PhotosynQ is a handheld device with sensors and an online data-sharing and analysis platform.
PhotosynQ is a handheld device with sensors and an online data-sharing and analysis platform.

By building PhotosynQ – a handheld device with sensors and an online data-sharing and analysis platform – a team of Michigan State University researchers is creating the plant-science equivalent of Facebook.

Following the trail blazed by successful social media networks, the team is giving away patentable devices at a nominal fee, building an active global community of plant science enthusiasts and sharing all data collected from around the world.

The goal is to allow even citizen scientists to make research-quality measurements, said David Kramer, MSU Hannah Distinguished Professor in Photosynthesis and Bioenergetics.

“We’ve built a platform that everyone can access through their cell phones,” he said. “We want to create a community that sees a 12-year-old student in China ask a question about a drought-resistant plant. Then we hope that hundreds of people answer, and not only the student in China is able to grow sustainable crops, but also a farmer in Africa could benefit from those insights.”

One component of PhotosynQ is a handheld device that costs about $100, scans plants and collects a handful of key data points. Via a smartphone running Android, the data is transferred from the device to the researcher’s project page on the PhotosynQ platform.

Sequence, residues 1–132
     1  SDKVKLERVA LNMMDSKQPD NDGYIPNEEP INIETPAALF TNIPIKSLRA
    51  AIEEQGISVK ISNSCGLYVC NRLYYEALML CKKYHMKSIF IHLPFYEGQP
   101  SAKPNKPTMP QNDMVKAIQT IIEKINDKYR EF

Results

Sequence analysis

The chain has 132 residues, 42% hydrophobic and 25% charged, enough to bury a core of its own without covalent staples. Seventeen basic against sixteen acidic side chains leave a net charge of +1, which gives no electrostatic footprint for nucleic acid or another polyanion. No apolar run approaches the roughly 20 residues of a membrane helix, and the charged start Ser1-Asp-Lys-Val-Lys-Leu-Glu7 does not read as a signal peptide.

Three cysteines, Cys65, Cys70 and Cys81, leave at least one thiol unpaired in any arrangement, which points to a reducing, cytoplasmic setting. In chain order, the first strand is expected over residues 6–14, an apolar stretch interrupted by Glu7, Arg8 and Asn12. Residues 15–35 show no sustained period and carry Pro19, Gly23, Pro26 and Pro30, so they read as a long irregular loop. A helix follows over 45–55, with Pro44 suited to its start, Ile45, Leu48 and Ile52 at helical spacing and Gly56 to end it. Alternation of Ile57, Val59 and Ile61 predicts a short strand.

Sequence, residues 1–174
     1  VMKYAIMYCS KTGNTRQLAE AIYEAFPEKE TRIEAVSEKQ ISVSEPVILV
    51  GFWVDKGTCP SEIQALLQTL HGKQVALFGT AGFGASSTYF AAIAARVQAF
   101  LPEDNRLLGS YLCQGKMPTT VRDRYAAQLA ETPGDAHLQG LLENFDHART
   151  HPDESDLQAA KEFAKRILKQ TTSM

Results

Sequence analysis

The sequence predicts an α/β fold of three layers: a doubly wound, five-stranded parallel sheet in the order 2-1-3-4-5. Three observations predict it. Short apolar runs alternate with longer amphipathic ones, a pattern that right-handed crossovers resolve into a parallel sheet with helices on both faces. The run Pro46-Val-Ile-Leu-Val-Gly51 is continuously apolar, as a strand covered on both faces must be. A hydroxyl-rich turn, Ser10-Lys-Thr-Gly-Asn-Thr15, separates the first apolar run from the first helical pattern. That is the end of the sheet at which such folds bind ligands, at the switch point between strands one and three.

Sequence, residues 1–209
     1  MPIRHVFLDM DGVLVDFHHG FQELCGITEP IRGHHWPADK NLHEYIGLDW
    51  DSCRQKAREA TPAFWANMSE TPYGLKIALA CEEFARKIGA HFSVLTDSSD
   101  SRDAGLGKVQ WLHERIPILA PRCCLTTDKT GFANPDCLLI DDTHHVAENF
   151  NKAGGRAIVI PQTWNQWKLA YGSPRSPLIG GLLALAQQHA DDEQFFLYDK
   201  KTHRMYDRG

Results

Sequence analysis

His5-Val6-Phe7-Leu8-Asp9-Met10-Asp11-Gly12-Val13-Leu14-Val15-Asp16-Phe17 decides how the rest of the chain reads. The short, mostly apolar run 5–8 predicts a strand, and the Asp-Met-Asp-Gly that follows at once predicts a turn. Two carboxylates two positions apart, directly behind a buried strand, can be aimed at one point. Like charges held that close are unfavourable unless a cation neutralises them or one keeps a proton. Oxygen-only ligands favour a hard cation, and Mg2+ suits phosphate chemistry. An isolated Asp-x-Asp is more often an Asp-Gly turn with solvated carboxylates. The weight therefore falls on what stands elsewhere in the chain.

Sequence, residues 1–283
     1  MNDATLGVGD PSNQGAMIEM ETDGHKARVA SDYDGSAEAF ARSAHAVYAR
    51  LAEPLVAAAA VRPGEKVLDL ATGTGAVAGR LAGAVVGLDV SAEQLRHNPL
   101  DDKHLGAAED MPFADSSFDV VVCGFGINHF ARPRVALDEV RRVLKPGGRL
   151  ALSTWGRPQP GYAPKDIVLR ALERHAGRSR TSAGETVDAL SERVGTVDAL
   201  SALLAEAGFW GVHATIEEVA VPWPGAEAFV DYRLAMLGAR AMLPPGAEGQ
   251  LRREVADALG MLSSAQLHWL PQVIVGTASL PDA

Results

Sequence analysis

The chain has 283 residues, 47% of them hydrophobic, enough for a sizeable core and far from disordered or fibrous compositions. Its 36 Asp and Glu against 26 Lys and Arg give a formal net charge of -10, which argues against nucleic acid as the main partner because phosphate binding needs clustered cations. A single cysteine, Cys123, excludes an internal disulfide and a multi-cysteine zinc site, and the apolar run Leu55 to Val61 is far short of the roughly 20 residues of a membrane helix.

Currently, there are about 20 research projects on the burgeoning network. As new data is collected, community members can observe the projects’ progression.

Projects range from one measuring the robustness and productivity of beans, to another monitoring the efficiency of photosynthesis. Collecting data on how well plants convert sunlight to energy can be derived from satellite images in a very limited way. To improve the data, it’s best to get on-the-ground observations as well. The more handheld devices used in the field to gather the data, the better.

PhotosynQ will enable local scientists, plant breeders and citizens to improve the productivity and security of crops in communities around the world. This low-cost approach of collecting samples from global sites could change how science has traditionally been conducted, said Greg Austic, who is leading the development in the Kramer lab.

“It’s critical that PhotosynQ stays open source,” he said. “We’re changing the model of moving new technology from academia to the world. We’re maximizing the data and building a community rather than maximizing profits.”

If only two people use the network, it’s worthless. If 2 million people join in, it’s priceless. It will be a snapshot of what’s happening in the plant world at this very moment. Successful breeding efforts, rapidly spreading diseases and other trends can be identified quicker, he added.

This nontraditional approach is indicative of Kramer’s unique lab. Soldering irons and circuit boards outnumber plants and petri dishes. Shelves are lined with electronic prototypes. The buzzing hive of nearly 40 students is a blend of biologists, programmers and engineers.

“Many times one of our biology students will come up with an idea and bounces it off some of the other students,” Kramer said. “The computer specialists write a program, and the electronics students build a prototype and a new technique is developed and used – sometimes in a single day.”

His lab is a microcosm of what he hopes he can create on a global scale; empower people with data and easy-to-use scientific instruments, and people will look at their world differently, he said.

Kramer is a professor in the College of Natural Science and the MSU-DOE Plant Research Laboratory. His research is funded in part by MSU AgBioResearch.